I see that HTTPS uses symmetric encryption for the file transfer, often AES. I also read that AES uses padding to help obfuscate the data itself. Though I am curious how powerful that padding is when downloading files.

If a server has a public list of available downloads (in the thousands), and a user were to download one over HTTPS, would the padding be enough that it would be impossible to know what file was being downloaded? Or by inspecting file HTTPS traffic transfer sizes, would it be possible to know exactly what was downloaded?

2 Answers 2


The padding isn't really meant to hide file size, if the domain doesn't serve any other content (ie, a dedicated domain for file downloads), their size all differs by more than TLS maximum 16 KB record, the user is confirmed to only download one file and there's no redownloading of some parts, then it can be deduced what exactly is the file that has been downloaded.

However, if the user downloads another file during that period, cancels it after a random delay, and the combined total transfer exceeds at least two files in the collection, it would be impossible to conclusively determine the actual file that is downloaded to completion.


TLS (the security layer that protects HTTPS) doesn't actually transfer files at all - just streams of bytes, which may flow or stop flowing in either direction at any time - but HTTPS requests are predictable enough that an attacker monitoring them can often recognize when a request starts and stops, and when a response starts and stops. The attacker has no way to know for sure if a given response contained a "file" or not, but if it's a wildly different size than other content (e.g. web pages, scripts, stylesheets, images, etc.) then it's reasonably likely. ("file" in quotes there because you can't actually transfer a file over HTTPS, you can only transfer data which you may have read out of one file, and you can tell the client that it should write the data into a file, but the client is under no obligation to obey and also can't tell whether the data came from a file originally or not.)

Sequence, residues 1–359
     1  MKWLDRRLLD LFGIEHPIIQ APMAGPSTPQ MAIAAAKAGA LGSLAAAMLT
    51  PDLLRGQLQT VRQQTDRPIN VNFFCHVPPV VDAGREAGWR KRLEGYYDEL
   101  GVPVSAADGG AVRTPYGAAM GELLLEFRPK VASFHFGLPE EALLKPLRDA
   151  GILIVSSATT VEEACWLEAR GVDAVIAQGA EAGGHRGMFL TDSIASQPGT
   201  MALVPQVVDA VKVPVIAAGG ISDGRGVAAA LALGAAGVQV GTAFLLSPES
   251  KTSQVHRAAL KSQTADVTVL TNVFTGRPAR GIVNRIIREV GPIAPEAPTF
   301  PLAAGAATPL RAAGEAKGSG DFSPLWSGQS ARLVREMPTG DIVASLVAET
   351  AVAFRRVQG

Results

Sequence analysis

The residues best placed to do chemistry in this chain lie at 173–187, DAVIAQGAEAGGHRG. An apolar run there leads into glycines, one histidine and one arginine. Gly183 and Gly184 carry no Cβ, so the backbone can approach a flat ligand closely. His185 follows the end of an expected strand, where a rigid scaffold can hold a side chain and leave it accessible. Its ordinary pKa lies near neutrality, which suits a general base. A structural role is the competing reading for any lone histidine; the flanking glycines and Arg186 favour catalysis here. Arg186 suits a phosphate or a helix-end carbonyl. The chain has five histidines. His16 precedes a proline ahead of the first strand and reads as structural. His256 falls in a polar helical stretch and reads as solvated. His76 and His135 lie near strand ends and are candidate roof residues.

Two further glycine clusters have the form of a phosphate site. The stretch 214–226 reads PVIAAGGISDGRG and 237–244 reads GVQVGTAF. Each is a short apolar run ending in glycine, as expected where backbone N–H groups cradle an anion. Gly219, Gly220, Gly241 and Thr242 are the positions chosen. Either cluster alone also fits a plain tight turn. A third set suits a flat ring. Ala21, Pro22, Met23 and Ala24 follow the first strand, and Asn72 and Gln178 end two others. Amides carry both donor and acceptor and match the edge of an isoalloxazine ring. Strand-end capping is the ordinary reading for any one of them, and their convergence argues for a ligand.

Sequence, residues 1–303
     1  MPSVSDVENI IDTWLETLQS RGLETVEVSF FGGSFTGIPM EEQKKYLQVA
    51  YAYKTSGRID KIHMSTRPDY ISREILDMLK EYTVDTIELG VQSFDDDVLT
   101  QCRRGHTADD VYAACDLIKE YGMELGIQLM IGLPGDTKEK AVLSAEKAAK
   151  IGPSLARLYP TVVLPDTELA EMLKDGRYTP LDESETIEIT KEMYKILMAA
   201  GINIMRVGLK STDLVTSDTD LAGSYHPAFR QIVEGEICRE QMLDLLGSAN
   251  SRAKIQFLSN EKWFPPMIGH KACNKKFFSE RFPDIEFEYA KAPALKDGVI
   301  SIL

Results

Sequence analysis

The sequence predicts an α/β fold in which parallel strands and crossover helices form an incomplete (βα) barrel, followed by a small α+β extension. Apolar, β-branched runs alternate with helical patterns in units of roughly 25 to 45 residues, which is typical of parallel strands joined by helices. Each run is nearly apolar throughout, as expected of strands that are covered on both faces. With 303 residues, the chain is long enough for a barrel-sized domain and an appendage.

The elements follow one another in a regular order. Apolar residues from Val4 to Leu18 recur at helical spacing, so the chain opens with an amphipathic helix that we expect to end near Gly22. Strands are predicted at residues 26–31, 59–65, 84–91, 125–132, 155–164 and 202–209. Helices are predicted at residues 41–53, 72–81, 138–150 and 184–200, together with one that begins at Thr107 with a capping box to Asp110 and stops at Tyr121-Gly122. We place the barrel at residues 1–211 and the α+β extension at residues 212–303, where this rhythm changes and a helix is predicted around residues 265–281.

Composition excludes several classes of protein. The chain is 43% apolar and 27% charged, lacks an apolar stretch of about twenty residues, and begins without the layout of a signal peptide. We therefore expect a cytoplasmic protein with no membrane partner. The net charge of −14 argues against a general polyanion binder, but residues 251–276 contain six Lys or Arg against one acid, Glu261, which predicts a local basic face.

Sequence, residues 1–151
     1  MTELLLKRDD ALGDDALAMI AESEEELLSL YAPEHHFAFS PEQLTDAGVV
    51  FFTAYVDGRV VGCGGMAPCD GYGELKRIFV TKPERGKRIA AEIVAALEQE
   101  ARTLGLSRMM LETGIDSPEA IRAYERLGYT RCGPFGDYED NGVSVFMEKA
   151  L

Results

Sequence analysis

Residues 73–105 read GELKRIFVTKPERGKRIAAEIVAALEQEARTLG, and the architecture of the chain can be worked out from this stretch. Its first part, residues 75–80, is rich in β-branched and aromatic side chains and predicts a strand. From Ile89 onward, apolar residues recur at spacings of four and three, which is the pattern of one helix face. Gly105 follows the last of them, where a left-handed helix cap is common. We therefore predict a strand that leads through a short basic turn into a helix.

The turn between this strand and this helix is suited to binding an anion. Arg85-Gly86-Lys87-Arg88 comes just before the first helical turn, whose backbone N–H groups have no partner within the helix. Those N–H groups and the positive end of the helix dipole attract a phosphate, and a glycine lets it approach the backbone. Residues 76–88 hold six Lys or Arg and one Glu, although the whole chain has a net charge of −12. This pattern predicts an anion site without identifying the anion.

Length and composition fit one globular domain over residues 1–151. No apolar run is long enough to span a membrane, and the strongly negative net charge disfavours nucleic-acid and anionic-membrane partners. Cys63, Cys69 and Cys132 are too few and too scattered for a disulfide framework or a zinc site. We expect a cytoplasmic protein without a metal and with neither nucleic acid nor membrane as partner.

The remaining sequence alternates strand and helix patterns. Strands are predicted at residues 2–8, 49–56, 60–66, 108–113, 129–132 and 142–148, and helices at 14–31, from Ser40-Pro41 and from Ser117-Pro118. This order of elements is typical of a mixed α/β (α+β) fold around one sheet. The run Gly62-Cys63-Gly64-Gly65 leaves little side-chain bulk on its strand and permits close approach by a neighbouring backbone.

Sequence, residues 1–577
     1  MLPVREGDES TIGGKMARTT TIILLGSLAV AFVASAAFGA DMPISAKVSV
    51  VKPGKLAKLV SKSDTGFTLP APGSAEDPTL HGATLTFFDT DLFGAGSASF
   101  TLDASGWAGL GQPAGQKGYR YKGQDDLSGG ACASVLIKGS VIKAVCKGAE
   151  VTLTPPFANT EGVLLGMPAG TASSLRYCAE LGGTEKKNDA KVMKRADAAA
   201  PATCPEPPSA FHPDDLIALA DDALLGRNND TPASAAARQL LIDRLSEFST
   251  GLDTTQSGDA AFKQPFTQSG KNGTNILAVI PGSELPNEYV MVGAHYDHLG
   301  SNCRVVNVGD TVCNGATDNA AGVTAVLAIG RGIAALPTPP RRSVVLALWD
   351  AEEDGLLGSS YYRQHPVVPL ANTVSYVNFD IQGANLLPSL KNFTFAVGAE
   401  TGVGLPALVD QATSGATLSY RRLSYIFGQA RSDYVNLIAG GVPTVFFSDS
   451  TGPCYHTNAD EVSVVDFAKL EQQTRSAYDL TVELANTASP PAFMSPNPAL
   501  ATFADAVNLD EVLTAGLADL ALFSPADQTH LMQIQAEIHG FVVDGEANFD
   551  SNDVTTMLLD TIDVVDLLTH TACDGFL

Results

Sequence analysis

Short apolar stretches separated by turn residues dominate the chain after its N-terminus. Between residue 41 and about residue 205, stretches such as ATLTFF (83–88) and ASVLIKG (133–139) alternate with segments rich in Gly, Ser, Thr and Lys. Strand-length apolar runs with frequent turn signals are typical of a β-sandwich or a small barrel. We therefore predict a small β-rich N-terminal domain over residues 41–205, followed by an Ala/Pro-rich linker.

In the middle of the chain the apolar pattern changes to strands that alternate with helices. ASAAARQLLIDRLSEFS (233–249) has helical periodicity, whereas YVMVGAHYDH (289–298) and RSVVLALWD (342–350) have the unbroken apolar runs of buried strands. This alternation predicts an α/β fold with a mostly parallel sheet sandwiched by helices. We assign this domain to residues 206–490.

To address your specific scenario, if the downloads are different enough sizes (a few tens of bytes should be different enough, a few hundred bytes is definitely enough), an attacker can probably figure it out. Just remember that you're not only looking at the "list of available downloads" but also all other content the client might get from the server, such as images that are part of web pages, or search results in the form of JSON, or whatever.

The main obstacle to recognizing a message by length is not the padding - padding on TLS is never more than 16 bytes and is in fact skipped entirely for the most common modes in modern TLS - but rather the other stuff sent along with the download (the HTTP response headers, in particular). There's also some cryptographic metadata (nonce, authentication tag, etc.) but that's fixed-length and fixed-location so the attacker can just not count it.

If you want to, you can easily add additional padding to HTTPS responses that rounds files out to a particular length. You could either pad the body (with some way to tell the client "hey, the body is actually only length X"), or add arbitrary-length nonsense in the headers (which the client will ignore unless asked about specifically). This does of course increase the amount of data you must transmit.

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